27 March 2011

Last Sermon for a While

I've preached three of the last four Sundays, so I'm looking forward to a bit of a homiletical hiatus. Still, it's been a rewarding month for this preacher-in-training. Here's what I had to say today on John 4:5-42:

Throughout the centuries, readers of today's story from John's gospel have encountered the passage, taken in its many details, marveled at what one expert called this “first full example of [John's] dramatic ability,”1 and emerged from their careful study with one lingering and important question: “Why does it have to be so long?” Of course I kid, but the designers of our lectionary are not ignorant of our attention spans or of the necessary vocal endurance it will take for deacons throughout the church to belt out this hefty portion of the good news today. So let's let the question stand. Couldn't we do justice to the story while shaving off a few verses? Couldn't we, for instance, have heard only the first half? When this passage came up in the church's daily lectionary a week ago, that's exactly how we got it: the encounter with the woman one day, the follow-up with the disciples the next day.

I think if we look closely at what actually happens in this story, the logic of sticking to our full dose will become clear. So, if you can, think back to the beginning. Jesus is fatigued and thirsty after a morning's travel. He asks for a drink of water from a woman he encounters near a well and, after the initial exchange says, “If you knew the gift of God, and who it is that is saying to you, 'Give me a drink,' you would have asked him, and he would have given you living water” (10). The woman replies, “Sir, you have no bucket, and the well is deep. Where do you get that living water?” (11). Jesus tells her that she's misunderstood him: “Everyone who drinks of this water will be thirsty again, but those who drink of the water that I will give them will never be thirsty. The water that I will give will become in them a spring of water gushing up to eternal life” (13-14). In other words, the woman has underestimated Jesus's person and promise. The living, flowing water is not a physical gift that relieves us of the need for our daily H20; it sounds more like a spiritual gift, like his teaching and his sharing of the Spirit.2 Of course, he and the woman say lots of other things, but let's leave it at this for our gloss of Scene One: the woman and the water.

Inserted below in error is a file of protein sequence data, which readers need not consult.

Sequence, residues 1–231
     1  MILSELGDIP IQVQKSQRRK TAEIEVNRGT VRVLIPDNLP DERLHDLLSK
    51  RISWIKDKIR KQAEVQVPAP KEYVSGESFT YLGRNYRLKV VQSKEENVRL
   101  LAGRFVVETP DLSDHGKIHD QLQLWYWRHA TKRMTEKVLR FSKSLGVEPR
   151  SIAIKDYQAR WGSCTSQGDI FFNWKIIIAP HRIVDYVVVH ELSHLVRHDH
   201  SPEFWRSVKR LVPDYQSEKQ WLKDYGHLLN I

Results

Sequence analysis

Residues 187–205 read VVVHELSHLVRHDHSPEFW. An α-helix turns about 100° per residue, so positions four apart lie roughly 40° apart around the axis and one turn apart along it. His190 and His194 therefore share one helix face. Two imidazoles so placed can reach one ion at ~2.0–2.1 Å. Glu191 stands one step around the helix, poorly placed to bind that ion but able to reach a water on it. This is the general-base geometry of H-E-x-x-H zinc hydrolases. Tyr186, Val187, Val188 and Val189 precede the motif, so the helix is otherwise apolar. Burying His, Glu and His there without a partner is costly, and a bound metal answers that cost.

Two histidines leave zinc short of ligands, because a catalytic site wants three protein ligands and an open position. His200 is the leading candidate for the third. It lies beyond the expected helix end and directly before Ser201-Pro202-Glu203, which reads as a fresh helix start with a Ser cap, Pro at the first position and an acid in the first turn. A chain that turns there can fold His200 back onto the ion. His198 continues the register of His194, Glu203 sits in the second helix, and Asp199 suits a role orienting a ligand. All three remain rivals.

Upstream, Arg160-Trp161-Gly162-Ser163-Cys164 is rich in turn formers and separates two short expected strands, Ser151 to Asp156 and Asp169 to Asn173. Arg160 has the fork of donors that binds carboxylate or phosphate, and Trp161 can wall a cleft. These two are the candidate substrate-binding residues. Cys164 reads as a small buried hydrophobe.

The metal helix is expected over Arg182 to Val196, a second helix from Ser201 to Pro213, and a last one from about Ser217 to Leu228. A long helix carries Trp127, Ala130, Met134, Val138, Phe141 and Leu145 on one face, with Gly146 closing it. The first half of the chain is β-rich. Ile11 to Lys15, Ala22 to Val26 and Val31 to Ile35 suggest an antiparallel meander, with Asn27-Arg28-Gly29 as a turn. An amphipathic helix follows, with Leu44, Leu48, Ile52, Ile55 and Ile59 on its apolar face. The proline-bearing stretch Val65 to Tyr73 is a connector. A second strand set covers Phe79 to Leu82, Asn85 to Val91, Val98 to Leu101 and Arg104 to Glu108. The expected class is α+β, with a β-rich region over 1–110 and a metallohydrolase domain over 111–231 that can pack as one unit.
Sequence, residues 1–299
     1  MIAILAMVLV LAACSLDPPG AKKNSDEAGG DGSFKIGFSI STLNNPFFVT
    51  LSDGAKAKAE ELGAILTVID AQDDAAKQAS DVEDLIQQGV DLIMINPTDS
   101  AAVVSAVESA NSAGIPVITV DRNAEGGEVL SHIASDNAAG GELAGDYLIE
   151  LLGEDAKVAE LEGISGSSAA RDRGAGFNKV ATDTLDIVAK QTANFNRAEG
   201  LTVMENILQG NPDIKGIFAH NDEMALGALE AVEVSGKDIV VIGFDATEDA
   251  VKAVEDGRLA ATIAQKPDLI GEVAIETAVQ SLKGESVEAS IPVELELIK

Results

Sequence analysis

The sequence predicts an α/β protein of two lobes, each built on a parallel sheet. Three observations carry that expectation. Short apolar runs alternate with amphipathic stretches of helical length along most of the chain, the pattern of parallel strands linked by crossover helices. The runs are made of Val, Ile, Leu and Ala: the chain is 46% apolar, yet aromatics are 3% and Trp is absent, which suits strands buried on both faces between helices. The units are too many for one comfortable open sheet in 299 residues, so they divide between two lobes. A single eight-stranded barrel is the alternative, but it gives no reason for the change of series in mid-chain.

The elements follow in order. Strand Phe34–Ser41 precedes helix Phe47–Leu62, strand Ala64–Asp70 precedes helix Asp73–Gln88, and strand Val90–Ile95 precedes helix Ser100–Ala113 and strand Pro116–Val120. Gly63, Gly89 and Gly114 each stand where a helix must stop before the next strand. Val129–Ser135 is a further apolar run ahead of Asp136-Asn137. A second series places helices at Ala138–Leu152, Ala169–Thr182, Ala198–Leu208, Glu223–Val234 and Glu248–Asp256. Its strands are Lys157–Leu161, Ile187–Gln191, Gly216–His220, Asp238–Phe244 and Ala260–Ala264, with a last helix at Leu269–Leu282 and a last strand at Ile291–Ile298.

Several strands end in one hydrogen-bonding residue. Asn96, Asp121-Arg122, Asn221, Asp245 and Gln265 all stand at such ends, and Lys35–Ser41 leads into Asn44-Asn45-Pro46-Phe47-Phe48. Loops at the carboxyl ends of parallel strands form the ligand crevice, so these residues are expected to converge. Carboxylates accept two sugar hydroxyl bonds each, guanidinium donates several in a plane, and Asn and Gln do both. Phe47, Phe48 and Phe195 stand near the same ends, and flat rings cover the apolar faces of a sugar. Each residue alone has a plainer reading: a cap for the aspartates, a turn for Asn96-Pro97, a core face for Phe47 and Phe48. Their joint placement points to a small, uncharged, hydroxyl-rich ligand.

In the second half of the story, we see Jesus turn his attention to the disciples. As is often the case, they start off scandalized by the company he's chosen to keep, but then they move on to more immediate midday concerns: “Rabbi, eat something,” they say, and he replies, “I have food to eat that you do not know about.” Like the woman, they initially miss the point: “Surely no one has brought him something to eat?” they say. And as with the woman, Jesus chooses to enlighten them about their misunderstanding: “My food is to do the will of him who sent me and to complete his work.” So the disciples underestimate him as well. He is sustained not by material food, he says, but by his mission.3 So that's Scene Two: the disciples and the food.

The importance of these parallels, I believe, is that each scene contains a challenge, and these challenges are related. In Scene Two, the challenge is pretty direct and obvious: it's to make Jesus's mission our mission. He says, “I tell you, look around you, and see how the fields are ripe for harvesting” (35). Now, as then, the time is ripe for us to go out and reap what God and other servants have sewn. The time is ripe because the need is great, and without even knowing it we reap God's harvest as we speak a word of hope to a neighbor or engage in an act of solidarity with a stranger.

Scene One, I think, contains a similar challenge, not about mission this time but about devotion. To say it briefly, we have to choose to drink the water, a choice that will affect us every day of our lives. Like staying hydrated on a hot summer day, “being watered” by our Lord takes discipline; it's not a lot of work, but we have to remember to do it. Drinking the water is about letting the risen Christ into our lives or—better yet—about taking time to realize that he is already there inside us. There are lots of ways to do this, of course: perhaps prayer, bible study, or just quiet time with God. That a little effort each day can make a lifetime of difference in our relationship with God is surely a sign that the Spirit is active in our lives and working within us to transform our hearts.